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Stefan W.

Member Since 19 Jun 2011
Offline Last Active May 30 2012 02:30 PM

#27445 Electronics 101 book recommendation

Posted by Stefan W. on 17 April 2012 - 09:10 AM

Also not a book, but for me, when I started with electronics, a simulator like LTSpice has been invaluable - you can try stuff without frying things ;) i.e. test if your transistor switch works and how much current is drawn from the microcontroller etc. But that's just in addition to a book, it obviously does not teach you physics :)

#21406 Forum topics color

Posted by Stefan W. on 06 December 2011 - 08:41 PM

Well, colors are not absolute, especially on LCD screens colors depend a lot on the screen - the links are readable for me (although i'll say that the choice is suboptimal and a darker color would be better)

#19940 Code fails when battery powered.

Posted by Stefan W. on 28 October 2011 - 09:24 PM

7.2V is below the specs - the netduino asks for at least 7.5V as unregulated input (which means in case of battery you should aim for more since the voltage drops as the battery discharges). This might be the cause for your stability issues ...

#18740 i2c voltage

Posted by Stefan W. on 04 October 2011 - 07:23 AM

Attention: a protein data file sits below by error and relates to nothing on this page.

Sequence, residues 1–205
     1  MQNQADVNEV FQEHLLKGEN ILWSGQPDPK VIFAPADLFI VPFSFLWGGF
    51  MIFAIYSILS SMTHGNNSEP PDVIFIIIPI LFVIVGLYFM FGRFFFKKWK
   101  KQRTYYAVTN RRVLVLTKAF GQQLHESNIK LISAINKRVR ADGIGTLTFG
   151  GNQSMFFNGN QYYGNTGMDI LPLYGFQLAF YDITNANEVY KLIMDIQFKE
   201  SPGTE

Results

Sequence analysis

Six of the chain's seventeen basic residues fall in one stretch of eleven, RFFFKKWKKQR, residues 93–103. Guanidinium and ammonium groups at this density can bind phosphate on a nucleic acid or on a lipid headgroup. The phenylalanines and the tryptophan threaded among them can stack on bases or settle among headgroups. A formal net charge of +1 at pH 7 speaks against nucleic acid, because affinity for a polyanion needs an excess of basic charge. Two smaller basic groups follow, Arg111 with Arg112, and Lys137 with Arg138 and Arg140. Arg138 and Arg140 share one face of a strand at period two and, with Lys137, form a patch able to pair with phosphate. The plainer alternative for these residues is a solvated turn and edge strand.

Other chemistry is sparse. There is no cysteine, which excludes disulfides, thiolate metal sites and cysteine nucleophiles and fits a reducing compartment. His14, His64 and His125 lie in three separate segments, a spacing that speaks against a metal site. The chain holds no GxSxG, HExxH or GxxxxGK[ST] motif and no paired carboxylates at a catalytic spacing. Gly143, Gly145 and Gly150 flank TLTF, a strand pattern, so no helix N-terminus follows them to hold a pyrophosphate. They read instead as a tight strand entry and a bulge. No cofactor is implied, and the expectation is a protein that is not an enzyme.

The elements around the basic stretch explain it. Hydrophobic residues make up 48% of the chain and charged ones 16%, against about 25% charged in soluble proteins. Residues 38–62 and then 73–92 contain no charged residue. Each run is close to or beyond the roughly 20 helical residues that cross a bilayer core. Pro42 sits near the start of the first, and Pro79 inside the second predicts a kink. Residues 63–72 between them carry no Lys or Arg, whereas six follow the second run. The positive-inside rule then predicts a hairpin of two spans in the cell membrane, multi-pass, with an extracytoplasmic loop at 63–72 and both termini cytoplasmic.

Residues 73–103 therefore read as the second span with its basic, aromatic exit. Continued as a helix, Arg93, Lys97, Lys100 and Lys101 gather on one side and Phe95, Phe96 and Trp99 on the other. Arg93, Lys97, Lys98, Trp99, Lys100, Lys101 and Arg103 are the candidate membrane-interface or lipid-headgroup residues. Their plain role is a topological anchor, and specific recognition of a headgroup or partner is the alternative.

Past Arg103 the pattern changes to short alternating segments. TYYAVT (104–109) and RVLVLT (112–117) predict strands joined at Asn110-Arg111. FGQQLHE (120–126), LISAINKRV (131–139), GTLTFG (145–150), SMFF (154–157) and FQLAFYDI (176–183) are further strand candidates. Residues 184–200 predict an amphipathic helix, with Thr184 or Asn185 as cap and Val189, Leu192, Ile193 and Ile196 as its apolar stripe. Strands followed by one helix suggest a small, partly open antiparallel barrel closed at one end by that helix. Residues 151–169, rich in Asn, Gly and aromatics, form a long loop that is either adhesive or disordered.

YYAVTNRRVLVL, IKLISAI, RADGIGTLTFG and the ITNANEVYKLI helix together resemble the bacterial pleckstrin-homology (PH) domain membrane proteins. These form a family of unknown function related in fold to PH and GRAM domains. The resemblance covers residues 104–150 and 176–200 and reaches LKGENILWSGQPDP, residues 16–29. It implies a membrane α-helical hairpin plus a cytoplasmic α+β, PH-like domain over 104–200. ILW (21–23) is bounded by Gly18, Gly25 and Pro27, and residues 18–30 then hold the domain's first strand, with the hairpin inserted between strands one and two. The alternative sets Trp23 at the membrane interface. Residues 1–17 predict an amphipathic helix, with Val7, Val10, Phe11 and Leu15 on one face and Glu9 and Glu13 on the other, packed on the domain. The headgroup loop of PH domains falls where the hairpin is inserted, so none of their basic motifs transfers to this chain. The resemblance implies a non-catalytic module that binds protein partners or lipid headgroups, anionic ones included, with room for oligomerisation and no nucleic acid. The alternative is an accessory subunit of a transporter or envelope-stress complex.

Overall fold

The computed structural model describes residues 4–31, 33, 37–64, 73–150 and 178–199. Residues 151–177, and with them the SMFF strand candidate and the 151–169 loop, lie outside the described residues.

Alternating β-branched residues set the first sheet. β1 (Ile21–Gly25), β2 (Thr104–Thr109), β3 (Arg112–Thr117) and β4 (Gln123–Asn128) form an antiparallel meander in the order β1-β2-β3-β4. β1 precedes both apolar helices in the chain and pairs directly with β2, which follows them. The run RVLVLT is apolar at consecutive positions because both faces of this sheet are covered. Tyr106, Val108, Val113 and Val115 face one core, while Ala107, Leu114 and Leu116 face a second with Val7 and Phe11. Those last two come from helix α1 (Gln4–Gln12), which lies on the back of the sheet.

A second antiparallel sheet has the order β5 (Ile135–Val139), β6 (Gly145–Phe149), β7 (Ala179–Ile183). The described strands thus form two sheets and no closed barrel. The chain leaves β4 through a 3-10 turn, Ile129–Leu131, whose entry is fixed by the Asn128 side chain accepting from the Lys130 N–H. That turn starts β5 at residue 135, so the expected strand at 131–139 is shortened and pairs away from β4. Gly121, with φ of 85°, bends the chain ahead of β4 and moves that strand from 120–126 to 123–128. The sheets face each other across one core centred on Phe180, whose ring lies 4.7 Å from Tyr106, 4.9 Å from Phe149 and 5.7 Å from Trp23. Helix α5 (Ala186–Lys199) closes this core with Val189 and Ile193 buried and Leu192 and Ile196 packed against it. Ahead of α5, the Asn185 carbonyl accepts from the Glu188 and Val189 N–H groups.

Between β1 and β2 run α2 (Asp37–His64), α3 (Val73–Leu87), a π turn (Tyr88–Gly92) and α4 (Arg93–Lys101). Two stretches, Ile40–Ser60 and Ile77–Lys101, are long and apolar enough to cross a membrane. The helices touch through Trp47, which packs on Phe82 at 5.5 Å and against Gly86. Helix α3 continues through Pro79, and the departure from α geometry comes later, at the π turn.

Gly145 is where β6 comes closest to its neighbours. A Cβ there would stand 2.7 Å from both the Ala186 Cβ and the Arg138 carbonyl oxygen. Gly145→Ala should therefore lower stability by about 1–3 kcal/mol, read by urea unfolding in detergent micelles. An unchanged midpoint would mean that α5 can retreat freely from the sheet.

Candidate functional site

You have only three choices:
make all the devices working under the same supply;
use two different I2C buses for each supply;
insert a double bidi-level adapter to decouple the different supplies.
Of course, I suggest to follow the first one, which is the simplest.

I disagree here, it's not the simplest simply because there are devices which do use different supplies ... but a bidirectional level adapter is pretty simple, have a look at the tx line from http://www.sparkfun....nverter-v10.pdf - two resistors, one mosfet, and you're done (note the resistors act as pullups, so if you already have pullups on both sides - as you have - you can ditch them, so your level converter becomes a single transistor.
  • CW2 likes this

#18240 High resolution light measurement

Posted by Stefan W. on 20 September 2011 - 01:11 PM

No, the custom firmware just increases clock resolution, it does not make code run magically faster. Seriously, you are wasting your time. I don't get why you think this is a reasonable goal ... you will not be able to count pulses coming in at 1mhz in managed code. Why are you so fixated on directly interfacing this sensor with the netduino? As was already suggested in the beginning: Use another sensor, e.g. with a phototransistor or photoresistor (it does not get much cheaper or easier than this) or use another MCU to do the counting for you.
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#18224 High resolution light measurement

Posted by Stefan W. on 20 September 2011 - 05:35 AM